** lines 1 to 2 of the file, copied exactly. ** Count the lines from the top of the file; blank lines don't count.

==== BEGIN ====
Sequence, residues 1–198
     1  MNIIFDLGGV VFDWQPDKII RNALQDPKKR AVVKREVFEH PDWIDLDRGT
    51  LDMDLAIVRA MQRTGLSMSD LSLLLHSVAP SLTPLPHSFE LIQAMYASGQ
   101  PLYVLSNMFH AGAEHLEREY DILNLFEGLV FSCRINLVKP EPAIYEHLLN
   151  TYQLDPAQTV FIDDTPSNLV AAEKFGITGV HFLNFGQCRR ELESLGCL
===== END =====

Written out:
Sequence, residues 1–198
     1  MNIIFDLGGV VFDWQPDKII RNALQDPKKR AVVKREVFEH PDWIDLDRGT